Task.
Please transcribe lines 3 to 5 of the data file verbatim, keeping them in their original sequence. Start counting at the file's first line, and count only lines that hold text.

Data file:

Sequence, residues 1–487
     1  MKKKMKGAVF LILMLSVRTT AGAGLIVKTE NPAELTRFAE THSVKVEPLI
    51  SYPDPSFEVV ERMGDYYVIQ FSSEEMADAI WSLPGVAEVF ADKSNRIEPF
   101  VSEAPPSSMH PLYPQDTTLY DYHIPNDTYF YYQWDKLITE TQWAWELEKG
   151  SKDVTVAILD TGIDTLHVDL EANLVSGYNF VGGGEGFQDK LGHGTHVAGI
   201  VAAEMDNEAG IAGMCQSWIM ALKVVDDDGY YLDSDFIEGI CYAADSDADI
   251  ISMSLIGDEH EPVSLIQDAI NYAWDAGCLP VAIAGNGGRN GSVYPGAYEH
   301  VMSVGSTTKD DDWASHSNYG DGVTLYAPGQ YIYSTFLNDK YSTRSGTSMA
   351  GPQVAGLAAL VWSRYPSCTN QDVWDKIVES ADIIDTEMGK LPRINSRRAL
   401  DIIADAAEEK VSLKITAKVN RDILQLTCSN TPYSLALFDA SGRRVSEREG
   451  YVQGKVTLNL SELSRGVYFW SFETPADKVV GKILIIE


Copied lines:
    51  SYPDPSFEVV ERMGDYYVIQ FSSEEMADAI WSLPGVAEVF ADKSNRIEPF
   101  VSEAPPSSMH PLYPQDTTLY DYHIPNDTYF YYQWDKLITE TQWAWELEKG
   151  SKDVTVAILD TGIDTLHVDL EANLVSGYNF VGGGEGFQDK LGHGTHVAGI